Chilly weather is setting in and the leaves are falling. But that doesn’t mean that you have to go down with them. I see so many people coming in this time of year with achy backs and tight muscles from a weekend spent raking up the yard. And while I love the business, I’d rather see you avoid injury in the first place. So here are a few simple tips for surviving the onslaught of falling foliage.
Yes, warm up. I know you’re not running a triathlon here, but you should at least treat your session of yard work like a run around the block. Don’t just roll off the couch right into a marathon session of raking. A brief 5 minutes is all it takes to get you loosened up and ready to work. Do some simple arm circles and neck rolls. Add in some trunk twists and a few squats to get your blood pumping. You might not be on an elliptical machine, but raking is exercise. Treat it like such.
I know, you want your yard clear and you want it clear now. But if you don’t pace yourself, it will end up taking you more time in the long run than it otherwise would have. As a general rule of thumb, take a short break every 20 minutes or so to loosen up and stretch yourself out again. Set a repeating alarm on your watch or smartphone to keep you on task. Pay particular attention to straightening or extending your back and neck, and getting your arms behind you. The goal is to get your body out of that hunched, forward reaching posture that comes with raking. Speaking of hunching…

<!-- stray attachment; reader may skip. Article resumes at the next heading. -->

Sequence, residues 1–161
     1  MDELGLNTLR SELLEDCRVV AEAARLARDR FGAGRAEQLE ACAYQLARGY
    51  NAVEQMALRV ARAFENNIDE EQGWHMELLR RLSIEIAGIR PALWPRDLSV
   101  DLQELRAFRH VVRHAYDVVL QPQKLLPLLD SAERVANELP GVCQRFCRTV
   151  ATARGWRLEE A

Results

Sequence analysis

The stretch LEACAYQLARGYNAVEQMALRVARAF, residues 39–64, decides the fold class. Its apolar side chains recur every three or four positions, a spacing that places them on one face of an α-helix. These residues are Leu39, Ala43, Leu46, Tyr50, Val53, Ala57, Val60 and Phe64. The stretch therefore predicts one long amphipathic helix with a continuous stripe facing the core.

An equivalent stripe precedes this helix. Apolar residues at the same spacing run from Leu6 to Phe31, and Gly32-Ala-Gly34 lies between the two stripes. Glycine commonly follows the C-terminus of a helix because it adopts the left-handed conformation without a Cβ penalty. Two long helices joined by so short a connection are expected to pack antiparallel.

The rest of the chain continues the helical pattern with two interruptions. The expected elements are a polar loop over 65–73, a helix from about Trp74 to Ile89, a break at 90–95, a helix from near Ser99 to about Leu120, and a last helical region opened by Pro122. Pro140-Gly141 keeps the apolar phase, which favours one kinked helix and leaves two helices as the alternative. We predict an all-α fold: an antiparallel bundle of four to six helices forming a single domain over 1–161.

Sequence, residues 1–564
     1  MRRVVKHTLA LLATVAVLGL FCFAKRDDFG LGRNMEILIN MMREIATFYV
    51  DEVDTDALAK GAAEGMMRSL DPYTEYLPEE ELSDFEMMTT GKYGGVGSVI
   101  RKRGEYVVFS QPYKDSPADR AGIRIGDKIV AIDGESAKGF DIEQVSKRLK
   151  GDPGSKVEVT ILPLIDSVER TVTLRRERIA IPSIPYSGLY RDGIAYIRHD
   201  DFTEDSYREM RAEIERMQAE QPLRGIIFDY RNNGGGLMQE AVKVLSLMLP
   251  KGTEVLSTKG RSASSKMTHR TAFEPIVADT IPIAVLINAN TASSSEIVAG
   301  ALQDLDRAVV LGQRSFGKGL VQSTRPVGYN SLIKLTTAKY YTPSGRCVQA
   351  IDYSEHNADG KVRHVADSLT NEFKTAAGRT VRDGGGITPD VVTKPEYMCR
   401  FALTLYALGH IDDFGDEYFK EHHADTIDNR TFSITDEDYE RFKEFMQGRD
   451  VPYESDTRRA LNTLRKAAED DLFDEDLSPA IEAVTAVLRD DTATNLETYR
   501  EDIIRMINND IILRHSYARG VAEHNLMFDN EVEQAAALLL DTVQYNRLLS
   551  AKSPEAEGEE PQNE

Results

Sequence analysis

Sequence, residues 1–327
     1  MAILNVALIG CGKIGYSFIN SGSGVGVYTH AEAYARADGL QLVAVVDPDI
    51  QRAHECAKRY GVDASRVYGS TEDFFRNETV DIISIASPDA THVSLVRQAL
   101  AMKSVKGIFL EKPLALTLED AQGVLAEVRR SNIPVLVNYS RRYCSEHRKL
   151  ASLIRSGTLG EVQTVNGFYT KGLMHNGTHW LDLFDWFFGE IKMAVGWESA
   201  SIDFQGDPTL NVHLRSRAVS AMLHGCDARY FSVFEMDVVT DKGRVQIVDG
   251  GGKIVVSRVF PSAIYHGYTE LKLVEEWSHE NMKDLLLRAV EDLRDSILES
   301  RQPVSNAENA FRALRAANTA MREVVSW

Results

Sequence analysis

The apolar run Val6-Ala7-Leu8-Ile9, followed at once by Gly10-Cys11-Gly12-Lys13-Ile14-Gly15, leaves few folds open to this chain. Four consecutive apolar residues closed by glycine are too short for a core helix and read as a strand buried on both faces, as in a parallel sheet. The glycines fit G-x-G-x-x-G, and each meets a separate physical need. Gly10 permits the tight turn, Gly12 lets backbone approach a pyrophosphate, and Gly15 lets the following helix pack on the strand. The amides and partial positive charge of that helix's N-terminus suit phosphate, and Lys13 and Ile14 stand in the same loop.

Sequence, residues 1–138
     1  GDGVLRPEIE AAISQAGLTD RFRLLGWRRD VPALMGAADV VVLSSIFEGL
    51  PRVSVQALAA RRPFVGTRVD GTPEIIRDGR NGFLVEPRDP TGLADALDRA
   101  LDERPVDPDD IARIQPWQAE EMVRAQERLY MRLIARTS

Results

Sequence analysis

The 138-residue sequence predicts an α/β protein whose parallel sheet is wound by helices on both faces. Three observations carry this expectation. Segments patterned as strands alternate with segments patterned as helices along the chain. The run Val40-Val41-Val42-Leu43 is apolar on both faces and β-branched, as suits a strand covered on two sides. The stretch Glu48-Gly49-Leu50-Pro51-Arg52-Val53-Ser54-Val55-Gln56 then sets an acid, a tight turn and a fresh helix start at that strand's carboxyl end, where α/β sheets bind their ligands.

Use a Rake That Fits You
While there might not be a huge variation in rake sizes, it’s important to choose one with the proper handle length. If it’s too short you’ll be hunched way too far forward at the waist. If it’s too long it will become unwieldy and inefficient as you find yourself choking up on the handle. You want to use one that allows you to stand as upright as possible while still producing enough power at the business end of the rake. And where does that power come from?…
Use Your Legs!
Be careful to avoid continuously bending forward at the lower back. Instead, concentrate on keeping a slight bend in your legs and leaning forward at the hips while maintaining a flat lower back. Practice doing mini shallow lunges when raking forward and back rather than reaching way out in front of you with your back. Also, do your best to avoid excessive twisting at the low back, and instead focus on pivoting with your legs. Your leg muscles are big and powerful for a reason. Use them.
Working in colder weather can be tricky when it comes to staying sufficiently hydrated. You’re moving enough to work up a good sweat, but it’s typically cool and windy enough that any perspiration you produce evaporates pretty quickly. Therefore, it’s easy to underestimate how much fluid you’re actually losing. Keep a water bottle handy. Since you’re taking breaks to stretch anyway, you might as well use this time to replenish your water as well.
Work Smarter, Not Harder
The easiest way to rake is to not rake at all, Grasshopper. If raking is particularly troublesome for you, hire a neighborhood kid to do your raking for you. Using a leaf blower is another option, although leaf blowers can present their own physical challenges as well. Of course, you could just let your leaves go, but isn’t the point of raking to have a pile of leaves to jump into?